Most MSMers went “Wow” following Sen. Barack Obama's speech in Philadelphia Tuesday in which he outed his white grandmother as a racist and condemned former Demicratic vice presidential candidate Geraldine Ferraro for pointing out in some situations race and gender can advantage a person. But poll results suggest the public’s reaction was more “Ugh” than “Wow.”
Among the most interesting poll results are those gathered by InsiderAdvantage/Majority Opinion. Here’s the start of its report on them:
Barack Obama’s speech about race on Tuesday impressed many who witnessed it or read it. But most of America did neither, and many of them -- white and black -- were less persuaded of the speech’s capacity to heal racial wounds, or to put the issue of race behind Obama as he continues his quest for the White House.The rest of the report is here at Southern Political Report.
That’s according to a new poll by InsiderAdvantage/Majority Opinion.
First, we screened poll respondents to find those who were aware that Obama’s pastor was in the news. A startling 82% knew about Obama’s speech, and about the controversy surrounding the Rev. Jeremiah Wright.
Of those who knew about the controversy and the speech, we asked, “Taking all this into account, are you more or less likely to support Obama for president?”
Less likely (52%)
More likely (19%)
About the same (27%)
No opinion (2%)
The poll was conducted March 19 among 1,051 Americans. After filtering out those not aware of Rev. Wright and Obama’s speech about him, the sample is 807, for a margin of error of plus or minus 3.2%. The data have been weighted for age, race, gender and partisan affiliation.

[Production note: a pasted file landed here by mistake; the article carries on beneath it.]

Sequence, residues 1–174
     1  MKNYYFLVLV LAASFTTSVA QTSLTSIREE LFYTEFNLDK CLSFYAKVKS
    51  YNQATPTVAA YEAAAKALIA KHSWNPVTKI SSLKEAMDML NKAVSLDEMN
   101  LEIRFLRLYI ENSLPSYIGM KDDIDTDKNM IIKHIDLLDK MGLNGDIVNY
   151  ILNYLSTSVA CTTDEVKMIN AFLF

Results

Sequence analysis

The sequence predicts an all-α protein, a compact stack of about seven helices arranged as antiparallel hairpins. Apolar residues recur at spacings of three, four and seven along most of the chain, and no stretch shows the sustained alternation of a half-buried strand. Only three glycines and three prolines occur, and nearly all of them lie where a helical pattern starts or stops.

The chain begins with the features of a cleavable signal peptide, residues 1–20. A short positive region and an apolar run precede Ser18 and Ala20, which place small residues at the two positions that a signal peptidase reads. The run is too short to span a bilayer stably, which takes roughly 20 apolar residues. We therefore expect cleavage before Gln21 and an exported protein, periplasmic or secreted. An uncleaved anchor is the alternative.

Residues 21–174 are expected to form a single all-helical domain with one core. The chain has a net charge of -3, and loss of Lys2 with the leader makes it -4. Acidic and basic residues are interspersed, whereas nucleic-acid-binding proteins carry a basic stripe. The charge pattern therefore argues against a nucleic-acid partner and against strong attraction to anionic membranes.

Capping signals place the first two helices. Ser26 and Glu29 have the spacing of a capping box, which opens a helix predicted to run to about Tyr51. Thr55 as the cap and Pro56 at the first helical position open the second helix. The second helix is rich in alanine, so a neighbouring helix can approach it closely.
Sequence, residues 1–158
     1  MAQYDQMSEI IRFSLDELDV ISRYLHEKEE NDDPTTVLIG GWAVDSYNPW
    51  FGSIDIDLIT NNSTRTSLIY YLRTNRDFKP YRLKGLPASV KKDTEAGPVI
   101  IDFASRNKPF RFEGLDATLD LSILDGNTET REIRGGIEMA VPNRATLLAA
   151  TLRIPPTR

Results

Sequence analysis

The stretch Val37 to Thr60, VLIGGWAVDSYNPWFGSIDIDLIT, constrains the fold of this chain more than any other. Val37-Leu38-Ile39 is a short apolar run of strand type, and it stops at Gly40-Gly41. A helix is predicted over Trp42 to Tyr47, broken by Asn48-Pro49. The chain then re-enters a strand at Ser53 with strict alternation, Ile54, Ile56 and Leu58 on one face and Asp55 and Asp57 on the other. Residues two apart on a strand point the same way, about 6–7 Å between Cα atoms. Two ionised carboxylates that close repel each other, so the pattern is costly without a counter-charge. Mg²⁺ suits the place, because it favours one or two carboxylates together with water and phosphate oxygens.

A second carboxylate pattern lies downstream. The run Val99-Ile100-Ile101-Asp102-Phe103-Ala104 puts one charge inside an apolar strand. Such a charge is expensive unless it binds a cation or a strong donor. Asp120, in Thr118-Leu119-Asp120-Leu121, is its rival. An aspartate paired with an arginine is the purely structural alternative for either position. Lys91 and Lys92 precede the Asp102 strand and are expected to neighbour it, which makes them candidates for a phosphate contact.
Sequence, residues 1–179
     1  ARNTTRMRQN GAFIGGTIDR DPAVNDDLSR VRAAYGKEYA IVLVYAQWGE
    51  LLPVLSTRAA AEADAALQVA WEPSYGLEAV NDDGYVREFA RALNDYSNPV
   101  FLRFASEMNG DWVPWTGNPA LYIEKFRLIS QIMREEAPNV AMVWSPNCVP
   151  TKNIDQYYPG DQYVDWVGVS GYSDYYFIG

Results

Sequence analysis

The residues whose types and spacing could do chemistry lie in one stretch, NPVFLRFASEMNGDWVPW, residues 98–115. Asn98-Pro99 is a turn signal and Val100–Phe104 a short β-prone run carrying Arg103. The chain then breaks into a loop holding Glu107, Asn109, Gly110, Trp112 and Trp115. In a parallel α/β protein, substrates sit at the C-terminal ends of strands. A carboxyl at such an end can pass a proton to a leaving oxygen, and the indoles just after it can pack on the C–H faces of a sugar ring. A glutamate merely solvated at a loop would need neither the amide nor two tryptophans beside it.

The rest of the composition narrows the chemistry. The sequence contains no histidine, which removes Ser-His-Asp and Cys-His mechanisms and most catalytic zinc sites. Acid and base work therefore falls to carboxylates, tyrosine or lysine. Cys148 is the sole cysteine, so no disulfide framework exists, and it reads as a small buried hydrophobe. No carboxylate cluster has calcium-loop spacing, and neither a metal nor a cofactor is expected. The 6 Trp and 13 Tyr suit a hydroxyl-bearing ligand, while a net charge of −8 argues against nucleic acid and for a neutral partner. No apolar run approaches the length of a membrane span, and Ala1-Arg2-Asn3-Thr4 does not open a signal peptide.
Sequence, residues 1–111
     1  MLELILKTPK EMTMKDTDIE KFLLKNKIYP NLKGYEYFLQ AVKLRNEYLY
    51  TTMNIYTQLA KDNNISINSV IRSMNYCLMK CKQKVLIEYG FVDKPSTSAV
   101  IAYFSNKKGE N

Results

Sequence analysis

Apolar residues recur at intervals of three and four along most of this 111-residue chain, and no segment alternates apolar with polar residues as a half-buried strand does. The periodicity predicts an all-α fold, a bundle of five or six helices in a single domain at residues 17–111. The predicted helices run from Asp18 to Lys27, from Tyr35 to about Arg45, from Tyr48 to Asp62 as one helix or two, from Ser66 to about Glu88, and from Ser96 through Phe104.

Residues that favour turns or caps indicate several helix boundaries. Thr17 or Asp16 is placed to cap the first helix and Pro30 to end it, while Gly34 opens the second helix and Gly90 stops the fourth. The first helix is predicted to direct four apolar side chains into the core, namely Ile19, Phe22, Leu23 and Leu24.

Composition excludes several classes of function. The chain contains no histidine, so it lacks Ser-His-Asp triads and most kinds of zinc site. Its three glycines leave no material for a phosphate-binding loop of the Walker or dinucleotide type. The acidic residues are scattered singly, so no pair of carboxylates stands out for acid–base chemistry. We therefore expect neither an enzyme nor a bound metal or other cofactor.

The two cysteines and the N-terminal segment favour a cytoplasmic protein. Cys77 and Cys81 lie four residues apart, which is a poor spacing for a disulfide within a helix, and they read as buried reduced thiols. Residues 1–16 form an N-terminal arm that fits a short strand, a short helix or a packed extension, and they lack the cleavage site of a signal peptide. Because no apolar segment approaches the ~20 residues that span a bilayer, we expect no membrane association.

It’s easy to read too much into this poll. In the long-term, Obama’s speech about the racially insensitive political and social views of Rev. Wright may come to its final resting place in history books for being a signal moment in America’s tortured story of race relations. But in the short-attention-span theatre of a heated presidential race, it may amount to little more than a loud blip in an ever-fluxing news cycle.
Even so, the poll displays no numbers flattering to Obama. Most startling is that blacks by 56% to 31% said the speech made them less likely to vote for him.
That may be because Obama had some gutsy perspectives on blacks as well as on whites, and black observers of the speech may have been annoyed. But it’s hard to imagine that there’s going to be an appreciable retreat by blacks from the Obama column. …
Did the poll findings concerning blacks' reactions to the speech surprise you?
Whatever the case, I urge you to read the entire report. It provides methodological explanations and a critical discussion of results of a high quality we don’t often find in poll result reporting.
I’ll comment further on the report later today. Right now I need to get other posts up and then spend some time with my family.